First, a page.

Private school and college company ADvTECH can see increasing expansion opportunities in Africa.Photo: Simphiwe Mbokazi
Durban - Private education group ADvTECH said the continued growth of the middle class had provided it with more expansion opportunities in the continent.

The group said middle class parents wanted to seek quality education for their children, meaning that there would always be a need for private education over and above the education provided by the government.

It said research conducted by the African Development Bank had shown that the middle class surged 60 percent by 2010 from a decade before, and the number kept growing.

ADvTECH said the report highlighted the fact that increased prosperity led to a rise in investment in education, and that private education was increasingly seen as an attractive option for parents.

Jaco Lotz, head of international business development at ADvTECH, said this had made private schools and universities to mushroom across the continent. He said businesses were now focused on capitalising on the demand.

Read also: ADvTECH to boost African revenue

“The private education sector is experiencing unprecedented growth, with private providers in the rest of Africa lining up to partner with credible and experienced counterparts in South Africa to be able to sustainably grow in response to the huge demand for quality basic and higher education institutions,” said Lotz.

ADvTECH has made some acquisitions to try to keep up with the demand in both school levels and tertiary space.

The company acquired a stake in a private tertiary institution, the University of Africa, in Zambia in 2016 and locally a 51percent stake of Oxbridge Academy, adding 21000 registered distance learning students in the process.

In the schools division, ADvTECH acquired the Summit College. A possible strategic acquisition of Glenwood House in George and Elkanah House in Cape Town is still on the cards, subject to due diligence and Competition Commission approval.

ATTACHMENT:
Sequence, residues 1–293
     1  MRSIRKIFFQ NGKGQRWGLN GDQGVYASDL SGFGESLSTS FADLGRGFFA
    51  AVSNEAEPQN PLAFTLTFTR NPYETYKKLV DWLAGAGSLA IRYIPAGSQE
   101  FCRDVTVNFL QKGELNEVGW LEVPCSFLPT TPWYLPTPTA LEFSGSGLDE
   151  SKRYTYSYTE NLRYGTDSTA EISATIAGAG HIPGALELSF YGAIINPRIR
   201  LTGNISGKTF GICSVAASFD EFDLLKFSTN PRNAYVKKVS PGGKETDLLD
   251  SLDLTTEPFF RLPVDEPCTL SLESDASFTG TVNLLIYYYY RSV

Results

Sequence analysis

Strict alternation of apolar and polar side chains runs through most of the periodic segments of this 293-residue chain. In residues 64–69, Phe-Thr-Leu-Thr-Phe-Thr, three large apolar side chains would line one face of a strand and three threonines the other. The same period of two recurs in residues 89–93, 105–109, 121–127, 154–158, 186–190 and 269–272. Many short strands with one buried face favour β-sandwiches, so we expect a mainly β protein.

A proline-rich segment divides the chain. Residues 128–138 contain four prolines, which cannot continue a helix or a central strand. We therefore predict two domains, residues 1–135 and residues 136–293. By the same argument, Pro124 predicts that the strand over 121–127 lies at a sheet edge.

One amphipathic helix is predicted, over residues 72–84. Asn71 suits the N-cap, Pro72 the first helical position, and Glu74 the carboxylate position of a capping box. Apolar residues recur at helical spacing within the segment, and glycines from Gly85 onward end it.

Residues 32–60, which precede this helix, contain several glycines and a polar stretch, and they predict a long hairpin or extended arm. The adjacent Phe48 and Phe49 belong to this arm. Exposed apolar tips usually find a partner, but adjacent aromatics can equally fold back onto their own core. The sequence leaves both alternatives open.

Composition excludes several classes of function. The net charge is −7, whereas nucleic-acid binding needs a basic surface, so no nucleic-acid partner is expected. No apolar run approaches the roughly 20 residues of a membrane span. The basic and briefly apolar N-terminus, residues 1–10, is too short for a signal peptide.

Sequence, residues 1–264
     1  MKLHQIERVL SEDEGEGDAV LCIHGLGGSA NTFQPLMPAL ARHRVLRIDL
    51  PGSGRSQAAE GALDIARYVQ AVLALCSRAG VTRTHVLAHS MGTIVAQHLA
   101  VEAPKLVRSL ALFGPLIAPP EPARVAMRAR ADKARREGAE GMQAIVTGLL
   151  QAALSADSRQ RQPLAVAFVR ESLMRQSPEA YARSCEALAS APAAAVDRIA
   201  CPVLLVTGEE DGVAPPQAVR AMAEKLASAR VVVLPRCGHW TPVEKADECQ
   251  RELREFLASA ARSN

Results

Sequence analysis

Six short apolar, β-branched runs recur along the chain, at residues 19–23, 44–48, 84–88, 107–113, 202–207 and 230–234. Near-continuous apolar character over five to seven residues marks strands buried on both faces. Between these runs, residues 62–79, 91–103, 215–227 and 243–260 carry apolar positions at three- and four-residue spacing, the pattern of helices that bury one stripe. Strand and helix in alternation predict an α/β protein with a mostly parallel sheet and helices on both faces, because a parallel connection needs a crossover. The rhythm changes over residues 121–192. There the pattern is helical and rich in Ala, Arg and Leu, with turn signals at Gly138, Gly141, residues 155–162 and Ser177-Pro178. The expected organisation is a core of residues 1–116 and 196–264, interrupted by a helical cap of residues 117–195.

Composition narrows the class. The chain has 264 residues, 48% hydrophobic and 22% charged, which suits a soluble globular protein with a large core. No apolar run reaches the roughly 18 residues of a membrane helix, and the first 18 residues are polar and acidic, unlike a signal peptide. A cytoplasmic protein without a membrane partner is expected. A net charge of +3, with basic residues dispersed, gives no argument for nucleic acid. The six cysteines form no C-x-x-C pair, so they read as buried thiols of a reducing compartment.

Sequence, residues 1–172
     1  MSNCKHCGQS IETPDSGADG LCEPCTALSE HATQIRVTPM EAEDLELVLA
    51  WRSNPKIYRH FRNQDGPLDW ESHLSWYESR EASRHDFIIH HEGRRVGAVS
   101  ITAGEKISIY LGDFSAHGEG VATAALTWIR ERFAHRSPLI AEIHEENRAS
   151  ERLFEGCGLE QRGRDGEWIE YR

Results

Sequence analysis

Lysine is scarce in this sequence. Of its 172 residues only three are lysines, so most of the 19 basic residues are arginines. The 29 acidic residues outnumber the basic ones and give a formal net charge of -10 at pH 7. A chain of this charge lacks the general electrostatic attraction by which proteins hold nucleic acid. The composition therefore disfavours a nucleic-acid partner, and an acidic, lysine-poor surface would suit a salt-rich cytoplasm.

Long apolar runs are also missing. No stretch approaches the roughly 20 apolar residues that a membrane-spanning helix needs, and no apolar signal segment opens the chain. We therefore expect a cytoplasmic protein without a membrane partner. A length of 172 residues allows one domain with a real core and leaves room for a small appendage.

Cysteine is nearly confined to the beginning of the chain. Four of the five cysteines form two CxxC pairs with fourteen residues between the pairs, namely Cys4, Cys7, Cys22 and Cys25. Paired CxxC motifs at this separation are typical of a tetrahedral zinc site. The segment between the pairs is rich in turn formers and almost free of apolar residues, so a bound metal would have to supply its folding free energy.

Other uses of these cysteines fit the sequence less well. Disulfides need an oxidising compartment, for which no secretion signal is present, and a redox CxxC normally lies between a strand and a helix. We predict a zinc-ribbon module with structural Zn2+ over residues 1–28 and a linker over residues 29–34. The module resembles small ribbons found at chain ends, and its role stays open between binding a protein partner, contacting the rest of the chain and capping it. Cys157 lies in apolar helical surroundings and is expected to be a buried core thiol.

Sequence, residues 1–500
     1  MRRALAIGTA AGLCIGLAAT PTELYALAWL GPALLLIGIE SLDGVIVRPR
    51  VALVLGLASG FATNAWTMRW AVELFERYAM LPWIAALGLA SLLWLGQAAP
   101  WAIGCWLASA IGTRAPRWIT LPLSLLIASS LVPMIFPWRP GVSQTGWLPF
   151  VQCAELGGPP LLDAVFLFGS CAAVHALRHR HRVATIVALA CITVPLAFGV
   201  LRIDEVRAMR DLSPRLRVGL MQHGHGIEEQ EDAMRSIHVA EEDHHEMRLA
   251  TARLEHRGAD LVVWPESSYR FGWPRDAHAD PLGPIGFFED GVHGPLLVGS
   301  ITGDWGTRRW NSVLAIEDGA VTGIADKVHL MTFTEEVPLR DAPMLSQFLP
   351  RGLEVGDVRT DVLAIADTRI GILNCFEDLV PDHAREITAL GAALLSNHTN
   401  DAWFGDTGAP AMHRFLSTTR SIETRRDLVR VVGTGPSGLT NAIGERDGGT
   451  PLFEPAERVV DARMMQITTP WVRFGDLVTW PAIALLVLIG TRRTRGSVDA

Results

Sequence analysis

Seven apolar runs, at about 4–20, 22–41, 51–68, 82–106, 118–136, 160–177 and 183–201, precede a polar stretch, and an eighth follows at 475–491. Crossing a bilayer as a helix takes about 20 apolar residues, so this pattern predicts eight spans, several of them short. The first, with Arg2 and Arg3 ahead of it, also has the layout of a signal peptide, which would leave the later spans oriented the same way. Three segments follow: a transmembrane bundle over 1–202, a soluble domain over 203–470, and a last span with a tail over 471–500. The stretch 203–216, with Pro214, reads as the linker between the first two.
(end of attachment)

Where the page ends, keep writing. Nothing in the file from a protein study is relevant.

Chief executive Roy Douglas said, after the release of the results to end December, that there is a space for both public and private sector education as the issue of education cannot be left to the government alone. “Public and private education can co-exist and we have seen that parents are willing to pay for the education of their children. If they choose private education they don’t see money as an issue so long as their children get educated,” he said.

Over the years, ADvTECH has grown tremendously with three divisions in schools, tertiary and resourcing.

The group owns nine tertiary brands across 28 sites across South Africa and the rest of Africa. Its higher education division, The Independent Institute of Education, is SA’s largest and most accredited private higher education institution. In schools it has seven brands with 90 schools across South Africa as well as Gaborone International School in Botswana.

Last year, the International Finance Corporation, a member of the World Bank Group, acquired a 4percent equity stake in ADvTECH. During the year to end December, the group reported revenue growth of 24 percent to R3.35 billion while headline earnings per share came in 39 percent higher at 71.1 cents a share.

ADvTech shares declined 1.35 percent on the JSE to close at R19.73.